NEW YORK (Reuters Breakingviews) - Of the five boroughs that make up New York City, Staten Island was the one that voted most enthusiastically to join back in 1894. Times have changed. Some local politicians now want to carve the island – once home to the world’s biggest landfill, cinematic mafioso Vito Corleone and pop star Christina Aguilera – away from the Big Apple. Their goal is far-fetched, but their efforts hold important lessons for other fragmenting democracies.
The brains behind what’s predictably dubbed “Stexit,” after Britain’s move to quit the European Union, is Councilman Joe Borelli. In December, he called on the local council to study removing the island from America’s biggest urban hub, to make it a free-standing city under New York State. With a population just shy of 480,000, it would be roughly the same size as Atlanta. He already claims the support of several state senators and assembly members, though the financial and tax implications of going solo are as yet unknown.
Borelli has a simple explanation for why islanders would be better off alone: they’ve been “forgotten.” Many voters in British towns that opted to leave the EU in 2016’s referendum used the same word. And in many ways, it’s true. The borough has meager public transport. Roads are poorly surfaced, and there’s no public hospital. The famous commuter ferry, ridden by the big-haired secretary Melanie Griffith plays in “Working Girl,” remains the only way to get directly to Manhattan. A subway tunnel to Brooklyn was abandoned in the 1920s.
All that’s not new. In fact, Staten Islanders already tried to get away once. A decisive 65% of them voted to secede in 1993, but the bid was blocked by New York’s state assembly, which ruled that such an instruction needed to come from the city’s mayor. That’s likely to be a dealbreaker again. “Hizzoner” Bill de Blasio – who only got a quarter of Staten Islanders to vote for him in 2017 – says the city should stay together. His current term ends in 2022.
One question, then, is why now. Economic conditions don’t explain it. Staten Island’s $79,200 median household income in 2017 was well above the city average; its 12.9% poverty rate is well below. Some 70% of residents are homeowners, and unemployment is, as almost everywhere in America, close to historic lows. Reported crime levels, too, have halved in the past 20 years, in line with similar falls in the Bronx and Manhattan, according to the city’s police department.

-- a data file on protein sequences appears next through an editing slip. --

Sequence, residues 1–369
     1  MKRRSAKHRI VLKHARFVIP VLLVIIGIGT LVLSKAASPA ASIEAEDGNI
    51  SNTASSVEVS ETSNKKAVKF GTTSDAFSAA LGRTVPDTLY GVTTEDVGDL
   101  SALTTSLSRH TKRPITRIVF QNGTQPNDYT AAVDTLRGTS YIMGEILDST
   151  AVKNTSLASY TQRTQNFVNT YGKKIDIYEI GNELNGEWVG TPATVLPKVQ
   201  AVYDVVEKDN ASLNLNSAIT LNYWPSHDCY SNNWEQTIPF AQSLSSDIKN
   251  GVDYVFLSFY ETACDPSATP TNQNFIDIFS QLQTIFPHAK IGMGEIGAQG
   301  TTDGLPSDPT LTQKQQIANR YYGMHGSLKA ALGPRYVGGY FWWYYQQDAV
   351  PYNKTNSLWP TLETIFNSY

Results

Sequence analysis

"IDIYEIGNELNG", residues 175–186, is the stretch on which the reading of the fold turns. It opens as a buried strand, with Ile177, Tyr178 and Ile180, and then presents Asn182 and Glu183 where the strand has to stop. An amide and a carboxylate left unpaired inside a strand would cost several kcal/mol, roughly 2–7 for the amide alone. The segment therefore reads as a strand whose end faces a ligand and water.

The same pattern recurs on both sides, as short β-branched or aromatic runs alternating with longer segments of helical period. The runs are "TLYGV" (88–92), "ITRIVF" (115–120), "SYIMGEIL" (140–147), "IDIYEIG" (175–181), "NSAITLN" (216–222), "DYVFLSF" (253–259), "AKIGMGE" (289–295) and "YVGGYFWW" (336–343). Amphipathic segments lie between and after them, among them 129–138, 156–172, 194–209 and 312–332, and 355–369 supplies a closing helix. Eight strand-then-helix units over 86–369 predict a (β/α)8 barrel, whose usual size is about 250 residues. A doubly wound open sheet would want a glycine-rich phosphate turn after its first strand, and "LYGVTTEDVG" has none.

In other words, things couldn’t be more different from 1993, when islanders seethed over their giant festering landfill, bewailed the restructuring of the city government that had slashed the borough’s influence, and sported an unemployment rate of nearly 10%. The case for ripping up the status quo is weaker than it has been in decades – a stark contrast to, say, Hong Kong, where economic strains helped turn political gripes into all-out riots.
A more powerful motivator is identity politics. The mostly-white Staten Islanders voted in the majority for Donald Trump, where the other four boroughs backed Democrat Hillary Clinton. Nicole Malliotakis, who represents eastern Staten Islanders in the New York State Assembly, calls her constituents “nuts and bolts people” with a more conservative approach than their neighbors. Yet on issues from minimum wages to gun ownership, where the city’s rules are much tougher than those at state level, they are all shackled together.
“They’re not looking for handouts and free stuff,” Malliotakis explained to Breakingviews. “They want hospitals, an education for their kids, roads without potholes.” Another thing many want is to escape an archaic city property tax system that favors owners of luxury condos over family homes, penalizing Staten Island at the expense of rich Manhattanites. True, splitting off might mean taxes go even higher, but at least what’s levied west of the Verrazzano-Narrows Bridge would stay there.
One thing that’s certain is that nothing will happen quickly. Brexit has already taken three years and has yet to occur. Prizing Staten Island away could take a decade, Borelli estimates. Much could change in that time. Back in 1993, a change of mayor settled nerves. Rudy Giuliani cut the ferry fare to zero – from 50 cents – and brought projects ranging from a lighthouse museum to a minor league baseball team. Perhaps most importantly, he talked about the “historic lack of fairness” towards the voters who overwhelmingly helped elect him.
Then as now, the final say sits with City Hall. Many islanders think the city will never let its forgotten borough go – though that suggests there may be something to the idea that Staten Island is paying more than its fair dues. It doesn’t help that the city studiously doesn’t say how much each borough gives and gets. It may be that de Blasio, or his successor, can shed some light, and throw some more resources across the harbor.
Unlike 1993, though, it’s not clear there’s much they can do when the root cause is identity more than economics. Staten Island’s differences, and its “forgottenness,” are ages old. Islanders were Republicans long before Trump. Yet differences are becoming more pronounced. Cross-country divisions embodied in a bitterly divided Congress – fuelled by arguments over impeachment and migration, risk turning what were once local quirks into irreconcilable differences. That, more than anything, probably explains the timing.
Meanwhile, the feeling of disenfranchisement is only likely to go one way. Staten Island once had sway over city budgets that was equal with the other boroughs. Now its clout more closely reflects its relatively small population, and its geographical remoteness. “Things will never get better for Staten Island,” Borelli laments. “We’ll never have a bigger say than we do now.” On the latter point he’s right, and Britain’s irascible Brexit voters couldn’t have put it better.
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